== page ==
A movie theatre waiting for its seats to been filled with guests curious about the films impact. PHOTO COURTESY OF PUBLIC DOMAIN PHOTOS

Shaun Lucas

With social commentary as insulting as this, it might have been better to say nothing at all.

On Oct. 28, 2022, “Armageddon Time,” directed by James Gray, was released in theaters, presenting a coming-of-age story about two young boys growing up in the 1980s. Most of the movie’s promotional materials focus on how the friendship of a Caucasian boy and African American boy challenges the era’s racially-charged society. However, nothing Gray does challenges audiences to think deeper on history’s dark truths, almost to the point of indirectly justifying it.

Paul Graff (Banks Repeta) and Johnny Davis (Jaylin Webb) struggle to focus in grade school due to their aspirations and other antics removing them, literally and figuratively, from the classroom. After one of their stunts goes too far, Paul receives harsh scrutiny from his mother (Anne Hathaway) and father (Jeremy Strong), removing him from his public school and away from his African American friend. Paul must then rely on the guidance of his grandfather (Anthony Hopkins) to maneuver through the harsh world.

Along with its themes regarding systemic racism, Gray attempts to cover topics such as the American Dream through Paul’s journey, framing him as the artist whose family forces to study business.

I am critical of the film’s presentation of racial issues, but it is a critical flaw that nearly ruins the entire viewing experience. For Paul, racism is presented as merely an inconvenience; there are scenes where racism is addressed as, “something bad that unfortunately happens,” but there is never a genuine attempt by Paul and his family to truly make things better.

Am I saying that I wanted a “happy ending” to a story about the very real and very violent systemic racism present in late 1900s America? Of course not, but it seems like this movie tries to make this happen without truly putting in the effort to do so. Gray’s attempts to make a lighthearted film while so vapidly presenting racism just makes for a really awkward two hours where I am still unsure what I am supposed to take away in the end.

The film’s acting and script are also just as awkward as the film’s overall tone. There are so many scenes where too much is happening verbally; characters speak without any natural cadence, feeling as if the actors/actress were reading their lines as fast as possible just to get filming done quicker. While this issue shows during one-on-one dialogue scenes, scenes with multiple characters are plagued with constant interjections with no actual flow akin to a group conversation.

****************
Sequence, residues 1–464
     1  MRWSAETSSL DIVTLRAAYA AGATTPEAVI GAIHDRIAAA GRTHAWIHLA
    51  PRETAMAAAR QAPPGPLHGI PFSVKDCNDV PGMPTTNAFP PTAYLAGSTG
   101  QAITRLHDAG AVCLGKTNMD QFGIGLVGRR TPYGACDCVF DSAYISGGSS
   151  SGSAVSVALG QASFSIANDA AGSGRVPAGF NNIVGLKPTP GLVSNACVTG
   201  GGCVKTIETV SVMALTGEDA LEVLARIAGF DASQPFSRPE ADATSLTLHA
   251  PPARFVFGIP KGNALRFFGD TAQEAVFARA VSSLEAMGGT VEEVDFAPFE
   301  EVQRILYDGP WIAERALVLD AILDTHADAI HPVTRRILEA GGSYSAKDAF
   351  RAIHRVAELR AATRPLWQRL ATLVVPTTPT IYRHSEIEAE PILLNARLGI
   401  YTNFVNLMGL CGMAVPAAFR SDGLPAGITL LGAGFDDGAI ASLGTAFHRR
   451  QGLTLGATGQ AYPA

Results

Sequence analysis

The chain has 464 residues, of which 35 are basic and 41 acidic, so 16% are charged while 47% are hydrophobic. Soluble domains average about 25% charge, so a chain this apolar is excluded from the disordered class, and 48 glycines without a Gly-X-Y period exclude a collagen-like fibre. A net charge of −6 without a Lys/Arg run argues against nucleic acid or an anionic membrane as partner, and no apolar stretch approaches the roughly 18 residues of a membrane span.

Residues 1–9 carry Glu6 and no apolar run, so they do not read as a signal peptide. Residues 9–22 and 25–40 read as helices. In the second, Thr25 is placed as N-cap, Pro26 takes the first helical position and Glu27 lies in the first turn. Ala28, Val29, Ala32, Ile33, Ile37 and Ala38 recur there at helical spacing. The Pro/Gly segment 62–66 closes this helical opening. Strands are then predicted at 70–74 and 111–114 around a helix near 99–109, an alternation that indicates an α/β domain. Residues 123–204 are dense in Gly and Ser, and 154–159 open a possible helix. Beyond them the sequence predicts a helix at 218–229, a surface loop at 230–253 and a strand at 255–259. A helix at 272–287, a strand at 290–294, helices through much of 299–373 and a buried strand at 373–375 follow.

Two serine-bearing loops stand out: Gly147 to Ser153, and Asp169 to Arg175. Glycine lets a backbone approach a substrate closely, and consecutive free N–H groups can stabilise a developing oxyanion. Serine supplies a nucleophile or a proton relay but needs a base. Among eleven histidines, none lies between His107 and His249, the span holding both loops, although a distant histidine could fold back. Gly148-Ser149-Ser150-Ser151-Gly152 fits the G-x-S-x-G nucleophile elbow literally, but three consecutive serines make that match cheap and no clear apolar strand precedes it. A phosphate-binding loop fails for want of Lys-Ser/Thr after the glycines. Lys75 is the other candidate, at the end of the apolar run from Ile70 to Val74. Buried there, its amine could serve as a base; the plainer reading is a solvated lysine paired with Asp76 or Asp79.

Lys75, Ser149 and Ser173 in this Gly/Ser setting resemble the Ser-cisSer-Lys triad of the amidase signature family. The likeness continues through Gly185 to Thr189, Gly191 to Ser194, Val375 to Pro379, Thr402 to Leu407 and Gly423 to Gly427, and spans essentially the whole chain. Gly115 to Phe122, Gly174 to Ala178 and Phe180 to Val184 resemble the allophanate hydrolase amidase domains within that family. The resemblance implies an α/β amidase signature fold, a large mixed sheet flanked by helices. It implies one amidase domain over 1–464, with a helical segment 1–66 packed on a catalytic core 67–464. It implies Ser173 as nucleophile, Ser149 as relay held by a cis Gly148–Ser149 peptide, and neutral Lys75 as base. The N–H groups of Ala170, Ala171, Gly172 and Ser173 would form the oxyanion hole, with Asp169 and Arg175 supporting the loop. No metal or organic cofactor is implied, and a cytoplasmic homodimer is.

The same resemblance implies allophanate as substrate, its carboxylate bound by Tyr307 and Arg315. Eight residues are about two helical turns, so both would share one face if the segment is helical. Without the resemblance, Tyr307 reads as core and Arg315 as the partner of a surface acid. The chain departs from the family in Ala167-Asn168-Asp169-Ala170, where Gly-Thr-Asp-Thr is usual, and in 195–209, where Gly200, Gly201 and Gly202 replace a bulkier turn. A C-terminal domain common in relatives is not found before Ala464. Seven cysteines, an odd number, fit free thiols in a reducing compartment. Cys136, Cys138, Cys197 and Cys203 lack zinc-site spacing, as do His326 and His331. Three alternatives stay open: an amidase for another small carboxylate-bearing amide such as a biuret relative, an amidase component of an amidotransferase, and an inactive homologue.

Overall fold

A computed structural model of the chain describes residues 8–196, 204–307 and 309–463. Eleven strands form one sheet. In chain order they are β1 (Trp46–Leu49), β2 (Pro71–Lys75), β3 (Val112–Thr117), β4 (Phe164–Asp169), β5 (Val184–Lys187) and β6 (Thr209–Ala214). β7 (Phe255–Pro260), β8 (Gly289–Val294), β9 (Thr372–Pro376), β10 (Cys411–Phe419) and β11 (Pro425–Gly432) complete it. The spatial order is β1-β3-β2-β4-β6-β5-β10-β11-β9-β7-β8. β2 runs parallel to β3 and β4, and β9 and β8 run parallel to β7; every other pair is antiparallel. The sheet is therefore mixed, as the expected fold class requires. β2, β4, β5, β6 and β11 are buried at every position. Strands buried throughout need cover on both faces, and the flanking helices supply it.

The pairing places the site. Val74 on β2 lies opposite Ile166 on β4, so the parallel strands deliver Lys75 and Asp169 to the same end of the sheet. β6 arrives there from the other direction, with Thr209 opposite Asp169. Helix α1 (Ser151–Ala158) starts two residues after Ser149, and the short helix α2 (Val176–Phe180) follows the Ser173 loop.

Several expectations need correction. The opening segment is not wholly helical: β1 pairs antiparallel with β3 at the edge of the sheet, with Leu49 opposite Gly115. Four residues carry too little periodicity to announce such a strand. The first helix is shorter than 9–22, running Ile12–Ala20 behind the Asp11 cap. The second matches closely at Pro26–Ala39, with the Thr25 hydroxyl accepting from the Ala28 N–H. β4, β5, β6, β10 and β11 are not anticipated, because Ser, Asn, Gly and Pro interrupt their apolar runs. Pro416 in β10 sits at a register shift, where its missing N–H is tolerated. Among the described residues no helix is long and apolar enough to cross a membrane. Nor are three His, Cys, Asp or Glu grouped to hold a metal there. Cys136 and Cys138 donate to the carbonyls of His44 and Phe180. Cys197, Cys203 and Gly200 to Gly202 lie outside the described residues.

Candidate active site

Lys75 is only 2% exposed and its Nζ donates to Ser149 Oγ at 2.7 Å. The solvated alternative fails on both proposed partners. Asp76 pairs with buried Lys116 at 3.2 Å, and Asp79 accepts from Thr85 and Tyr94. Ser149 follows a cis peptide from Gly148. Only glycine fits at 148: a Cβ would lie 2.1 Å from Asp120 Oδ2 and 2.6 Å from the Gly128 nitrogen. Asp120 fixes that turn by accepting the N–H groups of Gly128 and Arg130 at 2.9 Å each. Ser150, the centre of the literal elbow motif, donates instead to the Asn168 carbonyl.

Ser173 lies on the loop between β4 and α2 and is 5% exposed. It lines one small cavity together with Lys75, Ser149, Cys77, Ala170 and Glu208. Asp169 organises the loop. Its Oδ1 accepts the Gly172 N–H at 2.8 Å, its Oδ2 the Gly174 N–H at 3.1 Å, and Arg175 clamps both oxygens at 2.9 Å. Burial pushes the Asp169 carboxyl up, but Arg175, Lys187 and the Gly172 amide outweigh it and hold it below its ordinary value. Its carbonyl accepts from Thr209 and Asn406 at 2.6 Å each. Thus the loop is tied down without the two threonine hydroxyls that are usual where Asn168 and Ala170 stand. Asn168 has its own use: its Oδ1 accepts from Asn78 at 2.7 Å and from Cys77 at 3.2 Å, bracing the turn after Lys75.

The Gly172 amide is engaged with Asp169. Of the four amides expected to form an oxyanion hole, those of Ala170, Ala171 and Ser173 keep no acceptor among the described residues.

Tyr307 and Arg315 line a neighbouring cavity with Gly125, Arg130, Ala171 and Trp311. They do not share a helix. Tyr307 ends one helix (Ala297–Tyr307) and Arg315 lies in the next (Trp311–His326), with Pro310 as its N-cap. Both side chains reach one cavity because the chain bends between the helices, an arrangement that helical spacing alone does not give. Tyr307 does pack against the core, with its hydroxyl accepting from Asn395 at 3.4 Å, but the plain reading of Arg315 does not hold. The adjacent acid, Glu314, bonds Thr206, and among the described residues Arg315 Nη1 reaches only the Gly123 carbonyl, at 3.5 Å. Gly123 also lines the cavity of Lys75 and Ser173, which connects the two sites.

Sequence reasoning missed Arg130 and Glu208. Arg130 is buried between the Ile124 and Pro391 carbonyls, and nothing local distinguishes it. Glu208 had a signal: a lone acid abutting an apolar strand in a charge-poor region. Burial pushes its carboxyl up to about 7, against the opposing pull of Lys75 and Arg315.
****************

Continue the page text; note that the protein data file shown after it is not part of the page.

After seeing Repeta in “The Devil All the Time,” I was expecting his performance in “Armageddon Time” to be pretty good, especially given the focus on his character in the film’s trailers. Unfortunately, Repeta offers nearly-no emotion in both his line delivery and body language. Despite the film’s notable cast, all other performances were bland and one-note, with Hopkins especially giving a sense of “I don’t want to be here.” 

The movie feels like it’s both missing scenes, yet also has too many at the same time. Multiple plot points are brought up once and then never resolved. Even the film’s main conflict sort of fizzles out just when it feels like it truly starts moving forward.

Without directly spoiling the ending, one of the final scenes is easily the best part of the entire movie, mainly because it feels like the pacing actually slowed down enough for the performers to take their time and act. 

Cinematography is painfully basic, relying on shot-reverse-shot with absolutely no camera movement. The film’s score felt almost randomly-generated, both original and license music being played without really adding to any scene. 

“Armageddon Time” entertained me in an opposite way to what was likely intended. Technically, thematically and dramatically, the movie fails to capitalize on what was already a trite premise that is difficult to pull off well. Perhaps the most tragic part of my viewing experience was being told by a nice lady in the theater that she was taken to see this movie for her forty-first wedding anniversary.

“Armageddon Time” gets a 3 out of 10.